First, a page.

Photo: andy castro
TRAVEL has always been for me on some level about trespass. In a world that has been picked over, trampled and bricked in, the (law-flaunting) intrepid spirit must look for signs that point the way to adventure. Sometimes those signs read: NO TRESPASSING.
From Taormina a steep walk leads to a vista overlooking the Ionian sea and the crumbled memory of a Saracen castle. Rounding the bend I come to a tourist couple facing a closed gate. Three times my height, the padlocked iron gate looks like it has been fasted shut for years. The iron rises in black stripes to decorative arrowhead points. The path winds on beyond the gate and into the ruins.
I slide my camera bag under the gate and King Kong up the warm metal, swing one leg then another over the top and slide down the other side. The impasse now separates me from the dispirited couple and who amble back down the trail to find solace in a day at the beach and a dozen pumpkin raviolis.
The ruins: a strong breeze disturbs the tall, dead grasses where crickets hop and click. The shriveled litter of enterprising local youth is scattered here and there in little piles. The hilltop view that has been settled and sought for 3,000 years is all mine. Scampering over the walls, snapping photos, feeling the exhilaration of the trespass, the secret world of the Saracen ruins grow into my own brief kingdom under a blue of a Sicilian noon.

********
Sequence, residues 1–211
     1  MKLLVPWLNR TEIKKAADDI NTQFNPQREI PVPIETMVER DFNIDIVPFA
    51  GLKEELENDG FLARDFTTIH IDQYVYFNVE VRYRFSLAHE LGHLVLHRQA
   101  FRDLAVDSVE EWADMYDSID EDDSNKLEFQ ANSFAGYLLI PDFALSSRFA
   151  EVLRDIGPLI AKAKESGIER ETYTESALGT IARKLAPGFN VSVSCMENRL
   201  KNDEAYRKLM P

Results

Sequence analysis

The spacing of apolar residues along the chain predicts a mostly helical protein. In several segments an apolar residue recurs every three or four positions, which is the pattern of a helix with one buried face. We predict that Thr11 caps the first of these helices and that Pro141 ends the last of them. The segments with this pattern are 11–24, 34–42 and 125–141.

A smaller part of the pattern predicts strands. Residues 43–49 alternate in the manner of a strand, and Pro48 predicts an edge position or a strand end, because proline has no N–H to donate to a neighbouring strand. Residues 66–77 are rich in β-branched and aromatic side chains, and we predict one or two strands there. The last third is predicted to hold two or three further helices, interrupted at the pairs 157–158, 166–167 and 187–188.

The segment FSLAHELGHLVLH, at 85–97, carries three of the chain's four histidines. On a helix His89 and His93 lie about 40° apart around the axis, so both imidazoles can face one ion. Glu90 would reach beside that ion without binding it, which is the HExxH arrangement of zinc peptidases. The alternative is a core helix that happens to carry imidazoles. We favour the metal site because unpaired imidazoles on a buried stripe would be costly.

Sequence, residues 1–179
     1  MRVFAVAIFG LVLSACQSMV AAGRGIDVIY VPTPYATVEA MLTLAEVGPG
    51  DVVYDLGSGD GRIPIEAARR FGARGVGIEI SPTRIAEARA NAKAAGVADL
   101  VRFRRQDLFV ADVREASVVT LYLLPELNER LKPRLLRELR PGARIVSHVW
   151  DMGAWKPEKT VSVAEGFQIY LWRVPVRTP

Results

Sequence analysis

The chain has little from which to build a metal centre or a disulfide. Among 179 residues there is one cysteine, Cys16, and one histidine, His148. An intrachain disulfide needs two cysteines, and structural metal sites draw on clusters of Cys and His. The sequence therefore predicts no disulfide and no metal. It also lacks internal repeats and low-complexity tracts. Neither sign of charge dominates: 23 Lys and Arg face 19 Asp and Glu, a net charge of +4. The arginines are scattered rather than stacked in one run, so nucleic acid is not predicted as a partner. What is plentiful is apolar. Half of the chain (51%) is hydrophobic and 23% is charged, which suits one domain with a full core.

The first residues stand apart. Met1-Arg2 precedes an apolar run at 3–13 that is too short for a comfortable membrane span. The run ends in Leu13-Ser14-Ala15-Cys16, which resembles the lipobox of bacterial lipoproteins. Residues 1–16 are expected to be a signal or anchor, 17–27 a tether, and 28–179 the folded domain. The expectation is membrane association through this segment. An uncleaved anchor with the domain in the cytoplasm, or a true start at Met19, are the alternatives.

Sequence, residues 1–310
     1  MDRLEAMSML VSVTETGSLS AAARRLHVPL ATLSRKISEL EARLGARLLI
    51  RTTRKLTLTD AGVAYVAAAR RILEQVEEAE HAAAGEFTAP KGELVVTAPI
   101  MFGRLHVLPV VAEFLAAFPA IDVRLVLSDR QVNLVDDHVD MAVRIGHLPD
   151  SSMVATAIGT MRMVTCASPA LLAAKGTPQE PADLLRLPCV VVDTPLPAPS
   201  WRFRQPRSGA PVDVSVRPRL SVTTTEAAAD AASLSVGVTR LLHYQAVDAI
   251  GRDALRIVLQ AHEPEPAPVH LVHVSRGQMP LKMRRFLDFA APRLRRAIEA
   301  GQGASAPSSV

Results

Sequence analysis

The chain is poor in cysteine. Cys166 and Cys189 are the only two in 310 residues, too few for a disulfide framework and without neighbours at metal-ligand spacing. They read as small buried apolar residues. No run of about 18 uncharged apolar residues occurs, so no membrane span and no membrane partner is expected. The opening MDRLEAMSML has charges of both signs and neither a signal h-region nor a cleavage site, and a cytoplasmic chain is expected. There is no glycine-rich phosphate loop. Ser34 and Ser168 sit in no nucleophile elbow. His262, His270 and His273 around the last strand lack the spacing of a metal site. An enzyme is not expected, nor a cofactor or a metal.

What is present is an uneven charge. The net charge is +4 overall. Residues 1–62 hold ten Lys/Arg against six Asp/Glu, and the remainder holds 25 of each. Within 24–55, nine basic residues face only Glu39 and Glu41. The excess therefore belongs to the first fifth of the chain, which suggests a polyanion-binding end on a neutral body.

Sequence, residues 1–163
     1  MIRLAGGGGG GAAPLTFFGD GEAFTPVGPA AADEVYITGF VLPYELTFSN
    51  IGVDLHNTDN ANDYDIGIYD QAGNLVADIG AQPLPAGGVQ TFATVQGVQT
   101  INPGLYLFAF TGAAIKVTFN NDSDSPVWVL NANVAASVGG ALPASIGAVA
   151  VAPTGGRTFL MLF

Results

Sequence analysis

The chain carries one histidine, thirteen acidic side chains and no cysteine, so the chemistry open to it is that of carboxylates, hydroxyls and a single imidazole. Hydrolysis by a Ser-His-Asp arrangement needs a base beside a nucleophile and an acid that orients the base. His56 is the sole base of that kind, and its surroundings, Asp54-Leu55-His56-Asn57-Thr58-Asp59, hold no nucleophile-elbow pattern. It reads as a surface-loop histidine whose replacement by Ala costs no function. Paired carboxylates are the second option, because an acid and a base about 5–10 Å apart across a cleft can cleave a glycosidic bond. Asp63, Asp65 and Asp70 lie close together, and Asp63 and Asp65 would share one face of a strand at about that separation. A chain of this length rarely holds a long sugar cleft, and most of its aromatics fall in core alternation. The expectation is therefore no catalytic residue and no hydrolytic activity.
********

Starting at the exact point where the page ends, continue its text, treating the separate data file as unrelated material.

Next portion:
A city is a secret folded in on itself over and over and over.
We slink under sodium streetlights that make the asphalt look iodine yellow, into the shadows. We peek over our shoulders. Sometimes a cop is parked there, he points.
No cop. We move around the side of the four story brick structure that looks like everything else in Georgetown; old, storied, used and done.
Inside the abandoned Seattle Brewing and Malting Co. building it is all diffused light through dust-crusted windows and wrought iron and huge spaces where tanks of beer had brewed.
A central stairway is flanked by two tight spiral staircases that curl up three floors. Chalk graffiti glows perfect in the dim light. Where the tanks once bubbled the emptiness and the spaciousness of the dank air keeps you peering into the dark. Georgetown was Seattle before Seattle was Seattle. It’s old. And like Taormina, grime and gates keep most from breathing the musty air of its most secret spaces.
On the roof we look out at the rail lines that are wet tendrils of commerce running North to South. Another trespasser’s reward: silence, solitude, adrenaline, an inner narrative holding its breath around each blind corner.
Where have you trespassed? Tell us about it in the comments below.
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